superintendent of the Norfolk hos
pital , called at the Gamble home the
latter part of last week at the In
stance of the husband and declared
Mrs. Gamble to be a fit subject for
the state hospital. Mrs. Gamble is a
Filipino , and married John Gamble
when the latter was a soldier In the
Islands. Twin sons died not long ago
and neighbors are reported to have
inflicted a series of fortune telling
seances on her , though physicians
tmve not as yet attributed her pres
ent mental condition altogether to
these facts. It is believed that the
hospital treatment will restore her
J. M. Covert was'In Plain view Sat
Julius Froehllck of Madison Is In
the city visiting his uncle.
Charles Wlneburger was In the city
over Sunday visiting friends.
D. Mathewson returned Saturday
night from a business trip to Walthlll.
Miss Lola Brush has gone to Baker
City , Ore. , to visit her sister , Mrs. H ;
L. Senger.
Mr. and Mrs. John Kllllan of Cedar
Bluffs have been In Norfolk , the
guests of Mr. and Mrs. A. L. Kllllan.
Dr. J. H. Mackay went to Madison
Monday afternoon to testify as a
medical expert In the Gamble Insan
ity hearing.
John Quick , M. MoollcU , M. L. Ogden -
den and W. N. Huso are In Columbus
as delegates to the grand lodge of the
A. O. U. W.
Justice George C. LambeHvit
called to Prairie dtl Clliett , Wl8. , at
noon by the death bf a brother. The
telegram wan received yesterday.
Miss Edith Barrett arrived home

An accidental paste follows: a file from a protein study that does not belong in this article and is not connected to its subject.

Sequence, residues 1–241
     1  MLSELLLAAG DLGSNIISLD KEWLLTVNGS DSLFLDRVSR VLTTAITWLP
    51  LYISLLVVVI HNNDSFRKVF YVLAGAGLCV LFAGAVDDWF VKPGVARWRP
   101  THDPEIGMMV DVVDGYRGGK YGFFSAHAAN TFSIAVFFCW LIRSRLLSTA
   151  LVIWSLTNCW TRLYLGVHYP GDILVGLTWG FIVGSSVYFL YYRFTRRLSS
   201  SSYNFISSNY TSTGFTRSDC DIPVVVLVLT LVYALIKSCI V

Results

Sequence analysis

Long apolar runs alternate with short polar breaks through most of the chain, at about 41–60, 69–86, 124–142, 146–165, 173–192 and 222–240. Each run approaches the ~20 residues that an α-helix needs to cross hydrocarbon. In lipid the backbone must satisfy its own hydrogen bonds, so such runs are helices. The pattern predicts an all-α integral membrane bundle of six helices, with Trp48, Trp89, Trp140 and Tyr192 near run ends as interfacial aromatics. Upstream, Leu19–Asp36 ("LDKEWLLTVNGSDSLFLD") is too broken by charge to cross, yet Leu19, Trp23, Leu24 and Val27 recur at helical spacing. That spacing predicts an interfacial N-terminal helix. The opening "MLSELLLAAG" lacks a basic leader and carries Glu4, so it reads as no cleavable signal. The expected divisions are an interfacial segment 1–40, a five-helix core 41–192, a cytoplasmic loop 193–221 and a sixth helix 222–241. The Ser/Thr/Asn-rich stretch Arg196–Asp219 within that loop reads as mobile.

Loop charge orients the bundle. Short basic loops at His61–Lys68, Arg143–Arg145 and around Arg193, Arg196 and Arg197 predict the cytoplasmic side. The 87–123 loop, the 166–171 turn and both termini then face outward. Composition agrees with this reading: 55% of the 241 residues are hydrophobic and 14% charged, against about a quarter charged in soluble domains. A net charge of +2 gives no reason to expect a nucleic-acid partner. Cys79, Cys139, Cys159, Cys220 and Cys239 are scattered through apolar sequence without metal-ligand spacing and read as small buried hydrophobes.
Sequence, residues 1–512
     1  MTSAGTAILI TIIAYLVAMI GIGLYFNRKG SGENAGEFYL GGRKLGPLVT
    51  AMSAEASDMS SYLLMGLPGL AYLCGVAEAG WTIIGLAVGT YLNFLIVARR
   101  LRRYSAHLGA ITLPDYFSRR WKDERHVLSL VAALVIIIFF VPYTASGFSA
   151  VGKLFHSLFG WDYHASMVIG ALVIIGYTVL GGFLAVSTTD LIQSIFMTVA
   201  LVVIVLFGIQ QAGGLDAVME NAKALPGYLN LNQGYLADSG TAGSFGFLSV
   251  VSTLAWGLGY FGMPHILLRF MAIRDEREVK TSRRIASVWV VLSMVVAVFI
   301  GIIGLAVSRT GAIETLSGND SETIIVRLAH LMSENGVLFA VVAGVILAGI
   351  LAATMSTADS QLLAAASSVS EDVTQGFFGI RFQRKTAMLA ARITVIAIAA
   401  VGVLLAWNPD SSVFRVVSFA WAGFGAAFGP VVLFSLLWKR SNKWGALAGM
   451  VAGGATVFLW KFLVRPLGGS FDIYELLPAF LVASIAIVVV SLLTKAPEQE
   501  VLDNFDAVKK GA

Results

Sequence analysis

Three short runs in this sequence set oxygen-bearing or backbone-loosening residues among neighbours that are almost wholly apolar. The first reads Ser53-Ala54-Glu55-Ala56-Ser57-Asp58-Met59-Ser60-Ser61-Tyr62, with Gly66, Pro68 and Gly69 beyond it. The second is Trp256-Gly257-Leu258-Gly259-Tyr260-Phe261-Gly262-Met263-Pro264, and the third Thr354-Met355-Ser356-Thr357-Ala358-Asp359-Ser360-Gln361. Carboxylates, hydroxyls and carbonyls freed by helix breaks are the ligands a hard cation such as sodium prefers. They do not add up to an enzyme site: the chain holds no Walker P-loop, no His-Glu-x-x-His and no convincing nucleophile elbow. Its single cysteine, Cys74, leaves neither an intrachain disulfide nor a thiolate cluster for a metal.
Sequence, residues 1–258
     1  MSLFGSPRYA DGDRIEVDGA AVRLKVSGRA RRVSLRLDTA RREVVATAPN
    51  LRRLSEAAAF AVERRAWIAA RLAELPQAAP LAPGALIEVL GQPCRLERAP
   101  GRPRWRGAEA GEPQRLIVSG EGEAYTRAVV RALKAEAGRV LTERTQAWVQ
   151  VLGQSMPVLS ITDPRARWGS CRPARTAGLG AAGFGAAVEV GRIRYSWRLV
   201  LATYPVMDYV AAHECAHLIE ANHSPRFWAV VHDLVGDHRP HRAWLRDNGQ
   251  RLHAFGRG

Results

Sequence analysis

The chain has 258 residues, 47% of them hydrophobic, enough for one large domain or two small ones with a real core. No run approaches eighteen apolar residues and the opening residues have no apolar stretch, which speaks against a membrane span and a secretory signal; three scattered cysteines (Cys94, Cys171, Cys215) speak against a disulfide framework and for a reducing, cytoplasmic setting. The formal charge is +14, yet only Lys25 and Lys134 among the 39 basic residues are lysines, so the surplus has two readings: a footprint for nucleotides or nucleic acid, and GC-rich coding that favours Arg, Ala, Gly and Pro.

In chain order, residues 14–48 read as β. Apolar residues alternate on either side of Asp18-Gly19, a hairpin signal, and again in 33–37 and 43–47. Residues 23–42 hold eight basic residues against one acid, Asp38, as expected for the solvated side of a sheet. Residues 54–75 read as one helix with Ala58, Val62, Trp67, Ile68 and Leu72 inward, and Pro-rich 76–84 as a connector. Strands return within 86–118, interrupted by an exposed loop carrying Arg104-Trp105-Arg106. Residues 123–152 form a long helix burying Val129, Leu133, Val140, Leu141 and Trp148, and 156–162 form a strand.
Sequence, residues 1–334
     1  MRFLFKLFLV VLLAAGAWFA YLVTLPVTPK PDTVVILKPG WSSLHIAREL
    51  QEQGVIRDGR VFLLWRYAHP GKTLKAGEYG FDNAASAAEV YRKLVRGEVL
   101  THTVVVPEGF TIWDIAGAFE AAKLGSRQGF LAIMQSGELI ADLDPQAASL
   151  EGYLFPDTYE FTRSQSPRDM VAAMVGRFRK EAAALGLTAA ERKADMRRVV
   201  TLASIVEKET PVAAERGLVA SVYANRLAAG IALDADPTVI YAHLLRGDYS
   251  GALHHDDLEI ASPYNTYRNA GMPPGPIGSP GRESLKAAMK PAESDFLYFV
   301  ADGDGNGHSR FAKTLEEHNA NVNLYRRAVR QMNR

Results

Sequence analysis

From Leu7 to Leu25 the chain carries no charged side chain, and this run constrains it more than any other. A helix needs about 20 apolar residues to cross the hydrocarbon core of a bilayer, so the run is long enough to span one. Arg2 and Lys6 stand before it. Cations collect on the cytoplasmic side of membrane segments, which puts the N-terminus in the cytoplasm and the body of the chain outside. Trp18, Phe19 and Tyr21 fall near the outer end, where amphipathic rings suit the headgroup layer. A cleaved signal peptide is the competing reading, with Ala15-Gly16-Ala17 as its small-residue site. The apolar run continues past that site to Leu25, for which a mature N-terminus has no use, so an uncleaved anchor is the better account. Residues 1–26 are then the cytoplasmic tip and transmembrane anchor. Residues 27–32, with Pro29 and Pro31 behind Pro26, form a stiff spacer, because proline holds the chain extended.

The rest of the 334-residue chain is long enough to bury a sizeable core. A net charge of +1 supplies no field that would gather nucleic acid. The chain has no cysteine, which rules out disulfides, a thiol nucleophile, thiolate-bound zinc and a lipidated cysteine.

Saturday from Pierce , tre school
which she has been teaching near
that place having closed for the sum
mer vacation.
George B. Chrlstoph will go to Cen
tral City Tuesday , his position as
president of the state board of phar
macy making it necessary for him to
attend the examinations which the
board holds there this week.
Mr. nnd Mrs. E. E. Watson and
daughter , Miss Bethel Watson , of
Plalnvlew were In the city over night ,
the giiests of Mr. Watson's sister ,
Mrs. Ira M. Hamilton. Mr. Watson
left at noon to attend the grand lodge
of the A. O. U. W. at Lincoln.
Miss Bertha Stllson of Atkinson
was the guest of Miss Carrie Brush
Saturday and Sunday , returning homo
Sunday evening.
Mr. and Mrs. M. B. Irvln and Mr.
and Mrs. F. E. Melcher went to Plain-
view In their automobile Sunday
morning , returning in the evening.
John W. Fetter left at noon for r
Hastings to attend the grand lodge ol I
the Knights of Pythias. Mr. Fetter
will represent Morning lodge , No. 20 ,
of this city.
The Norfolk Country club member
ship now stands at seventy-two char
ter members. At least ten proapee
tlvo members are listed , In addition i
to those who have already signed.
The meeting for organization will be
hold Wednesday evening ,
Fred Hawksworth was In the city
arranging to leave for hla now Trlpp
county homestead. He bought atenm
at Plalnvlow nnd Is driving overland.
Asa K. Leonard's ' setter bird dog
Patsy , recovered from a farm house
between here nnd Pierce , Is securely
chained most of the time to prevent
o lonurronco of the disappearance ,
which for several weeks threatened
to force Mr. Leonard to train a now
hunting dog.
Dana Cole of Nellgh , the 13-year-
old freshman lad who made such n
hit In Norfolk at the north Nooraska
high school declamatory contest , ex
actly duplicated his success nt the
state contest at Alliance. He hail
virtually no opposition at Alliance , the